Home » Stopping breastfeeding - how do you do it and when is it the right time?

Stopping breastfeeding - how do you do it and when is it the right time?

Mother looks at the sleeping baby and wonders if she should stop breastfeeding

Facts and advice on stopping breastfeeding. Direct from paediatricians. Some different strategies may be needed to stop breastfeeding a small baby and a larger child. It's time to stop breastfeeding when the mother and baby want to. Long or short-term, full-time or part time is up to you.

It's time to stop breastfeeding when mother and baby want to

Sometimes you need to take medicine that you must not breastfeed with. A mother with an infectious HIV infection must also not breastfeed. In very rare cases, the baby cannot tolerate the mother's milk, so she must also stop breastfeeding.

But for the vast majority of mother-child relationships, this is the truth: breastfeeding should end when mother or baby do not want to continue anymore. For some, this happens in the first week, for others the fifth year of life, for many at some point during the first or second year of life. Babies are different, mothers are different. And each mother-child relationship is unique. The length of breastfeeding time that is suitable for a mother with her first child need not fit at all with others.

If only the baby wants to stop breastfeeding but mother wants to continue

This sometimes happens early in life, during the first weeks of life. It is often when infants fail to get enough milk from the breast that they prefer the bottle. This may be because the mother does not have enough milk, or the baby is not so good at sucking.


If you, as a mother, want to continue breastfeeding, I think you should consider whether there is any situation that your child still likes breastfeeding. For starter? For dessert? That night? To comfort and cuddle? Then continue to breastfeed in that situation for now. If you get a nice lactation cooperation then, it may happen that the baby then wants to breastfeed more and more. Or not.

Try not to fight too much against the baby's will, it rarely works. Without trying to connect. Sometimes breastfeeding can be great for babies who find the breast difficult. A feeding set can also help. There is a thin plastic hose taped to the nipple. At the other end sits a baby bottle of milk that goes into the plastic tube and feeds the baby while sucking at the breast. Contact a breastfeeding help mother or breastfeeding clinic for help with the feeding kit. Breastfeeding pacifiers are available at pharmacies.

If mother wants to stop breastfeeding but not the baby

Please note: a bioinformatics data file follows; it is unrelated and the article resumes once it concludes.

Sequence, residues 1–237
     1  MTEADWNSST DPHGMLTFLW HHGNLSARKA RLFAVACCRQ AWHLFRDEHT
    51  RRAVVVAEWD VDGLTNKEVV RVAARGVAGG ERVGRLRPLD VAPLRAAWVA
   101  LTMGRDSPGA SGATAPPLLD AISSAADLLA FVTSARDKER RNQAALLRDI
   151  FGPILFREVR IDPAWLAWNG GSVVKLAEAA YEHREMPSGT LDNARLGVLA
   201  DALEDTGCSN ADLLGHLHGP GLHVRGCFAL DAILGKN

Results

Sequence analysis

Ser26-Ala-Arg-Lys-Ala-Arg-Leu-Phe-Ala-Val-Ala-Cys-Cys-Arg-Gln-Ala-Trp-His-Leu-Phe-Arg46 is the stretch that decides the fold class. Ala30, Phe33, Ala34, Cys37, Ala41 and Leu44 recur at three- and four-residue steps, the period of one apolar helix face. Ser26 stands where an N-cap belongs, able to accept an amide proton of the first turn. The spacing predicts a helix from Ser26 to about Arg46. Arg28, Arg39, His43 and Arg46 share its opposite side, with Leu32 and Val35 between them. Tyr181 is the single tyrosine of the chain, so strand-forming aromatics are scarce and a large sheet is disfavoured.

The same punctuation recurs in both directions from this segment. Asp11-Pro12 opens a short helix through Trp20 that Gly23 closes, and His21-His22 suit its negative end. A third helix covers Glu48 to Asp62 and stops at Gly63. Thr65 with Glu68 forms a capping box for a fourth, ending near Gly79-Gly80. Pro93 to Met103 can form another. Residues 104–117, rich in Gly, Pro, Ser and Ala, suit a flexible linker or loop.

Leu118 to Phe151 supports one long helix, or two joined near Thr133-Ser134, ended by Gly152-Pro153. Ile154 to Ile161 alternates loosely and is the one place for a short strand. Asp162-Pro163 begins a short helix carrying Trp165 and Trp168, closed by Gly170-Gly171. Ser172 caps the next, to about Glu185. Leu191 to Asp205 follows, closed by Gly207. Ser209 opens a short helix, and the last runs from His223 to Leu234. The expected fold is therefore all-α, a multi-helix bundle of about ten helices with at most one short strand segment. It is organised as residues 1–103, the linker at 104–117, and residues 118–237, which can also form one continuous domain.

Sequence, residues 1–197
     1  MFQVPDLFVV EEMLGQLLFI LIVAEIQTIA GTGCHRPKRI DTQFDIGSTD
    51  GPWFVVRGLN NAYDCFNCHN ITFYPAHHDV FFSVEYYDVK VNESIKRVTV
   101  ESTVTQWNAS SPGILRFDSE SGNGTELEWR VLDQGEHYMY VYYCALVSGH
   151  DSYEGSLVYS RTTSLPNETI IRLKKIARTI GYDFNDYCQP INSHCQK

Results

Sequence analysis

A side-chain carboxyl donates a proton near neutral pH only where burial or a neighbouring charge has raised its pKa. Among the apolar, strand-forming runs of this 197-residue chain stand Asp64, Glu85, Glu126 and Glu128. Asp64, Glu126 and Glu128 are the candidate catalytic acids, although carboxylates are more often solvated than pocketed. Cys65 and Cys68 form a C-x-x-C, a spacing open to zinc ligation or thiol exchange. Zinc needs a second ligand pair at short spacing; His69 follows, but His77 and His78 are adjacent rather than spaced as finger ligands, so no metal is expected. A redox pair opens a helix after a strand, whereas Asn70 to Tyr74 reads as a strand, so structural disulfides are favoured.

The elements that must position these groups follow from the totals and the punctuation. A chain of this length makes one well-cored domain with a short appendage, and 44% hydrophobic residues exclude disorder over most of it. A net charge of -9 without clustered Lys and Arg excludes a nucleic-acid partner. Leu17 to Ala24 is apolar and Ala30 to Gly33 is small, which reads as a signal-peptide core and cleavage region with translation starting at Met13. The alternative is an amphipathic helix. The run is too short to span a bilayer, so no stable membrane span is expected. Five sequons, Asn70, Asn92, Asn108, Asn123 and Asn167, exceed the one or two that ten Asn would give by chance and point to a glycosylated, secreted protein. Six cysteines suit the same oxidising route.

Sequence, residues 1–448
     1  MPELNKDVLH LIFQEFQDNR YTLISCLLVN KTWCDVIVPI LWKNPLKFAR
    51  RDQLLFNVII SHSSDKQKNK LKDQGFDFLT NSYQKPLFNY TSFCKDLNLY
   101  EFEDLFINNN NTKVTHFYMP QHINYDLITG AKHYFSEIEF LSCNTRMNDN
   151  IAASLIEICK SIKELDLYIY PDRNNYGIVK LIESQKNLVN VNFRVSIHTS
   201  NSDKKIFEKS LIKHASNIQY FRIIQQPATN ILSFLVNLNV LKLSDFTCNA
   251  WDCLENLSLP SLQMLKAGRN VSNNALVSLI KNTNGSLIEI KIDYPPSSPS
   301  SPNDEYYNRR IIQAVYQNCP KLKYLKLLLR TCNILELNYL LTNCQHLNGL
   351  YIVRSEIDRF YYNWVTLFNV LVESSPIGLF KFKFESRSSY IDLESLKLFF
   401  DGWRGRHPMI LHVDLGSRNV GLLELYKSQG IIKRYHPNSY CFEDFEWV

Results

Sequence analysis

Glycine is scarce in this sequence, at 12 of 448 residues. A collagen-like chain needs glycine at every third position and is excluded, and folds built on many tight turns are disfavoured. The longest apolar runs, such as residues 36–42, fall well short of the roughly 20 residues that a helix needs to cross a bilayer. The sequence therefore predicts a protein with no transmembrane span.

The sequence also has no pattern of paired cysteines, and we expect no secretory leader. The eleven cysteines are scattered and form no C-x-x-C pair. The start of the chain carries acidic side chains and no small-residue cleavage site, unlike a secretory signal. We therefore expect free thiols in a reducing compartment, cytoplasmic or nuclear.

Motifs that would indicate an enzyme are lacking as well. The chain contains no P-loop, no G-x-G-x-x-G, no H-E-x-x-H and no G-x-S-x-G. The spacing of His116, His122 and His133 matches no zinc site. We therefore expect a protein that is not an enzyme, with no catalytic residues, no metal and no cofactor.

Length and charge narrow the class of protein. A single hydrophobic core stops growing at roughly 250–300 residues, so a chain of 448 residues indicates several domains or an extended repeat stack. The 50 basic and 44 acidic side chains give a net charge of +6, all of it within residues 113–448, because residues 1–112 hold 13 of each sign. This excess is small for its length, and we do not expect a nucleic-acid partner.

This situation is very common with larger babies. Mother wants to stop at night, or stop breastfeeding completely. The baby or the little child wants to continue. I usually have one year of age as some kind of mental boundary here. Until the age of one year, I think it is good if you can let your baby control the mother as much as possible. Over the age of one, I think the mother has to decide much more about how much she wants to breastfeed. And set breastfeeding limits. At home but not out, in the evenings but not on days, or whatever you want.

The one-year-old rule, of course, is not carved in stone. On the contrary, rather plucked out of the air. But most one-year-olds usually eat so much that they can grow without breast milk or replacement.

Step down!

For the first ten days after childbirth, the breasts are for some reason protected from milk congestion. Therefore, if you stop breastfeeding the first week of life, you do not need to be so careful about slowing down breastfeeding slowly, although it may feel nice that the breasts are not so full.

After that time, you risk your milk if you stop suddenly. Stepping down is preferred. Remember that the more often the baby empties the breasts, the more milk is formed. So reducing breastfeeding will reduce the milk with a few days delay. A tight bra is a good tool. If you get a red and tender lump in your chest, let the baby suck on that chest. At the same time, stroke from the lump to the nipple as to help the milk out of the breast. No hard massage!

To stop the night feeds

Many newborn babies can only fall asleep with the chest in their mouth. Good thing. But when they have done it every night for seven or nine months, many mothers tend to feel their heads will burst and want to get some time for themselves. At that age, the child is nutritionally sound without food at night. Sleep often gets much better when you stop at nighttime and through the night.

Quitting night-feeds for children who like it is often a struggle. Maybe the first big fight in the family. If it is so in your family, decide if it is worth it. Discuss with the other parent if there is such a thing that you think feels best. Some prefer the other parent to stay in another room. Other mothers want to continue at night but with tight sweaters and bra and without offering the breast. Often there will be a few nights with lots of protest before the child has learned that the breast is no longer offered at night.

But the other parent then, shouldn't they have a say about breastfeeding?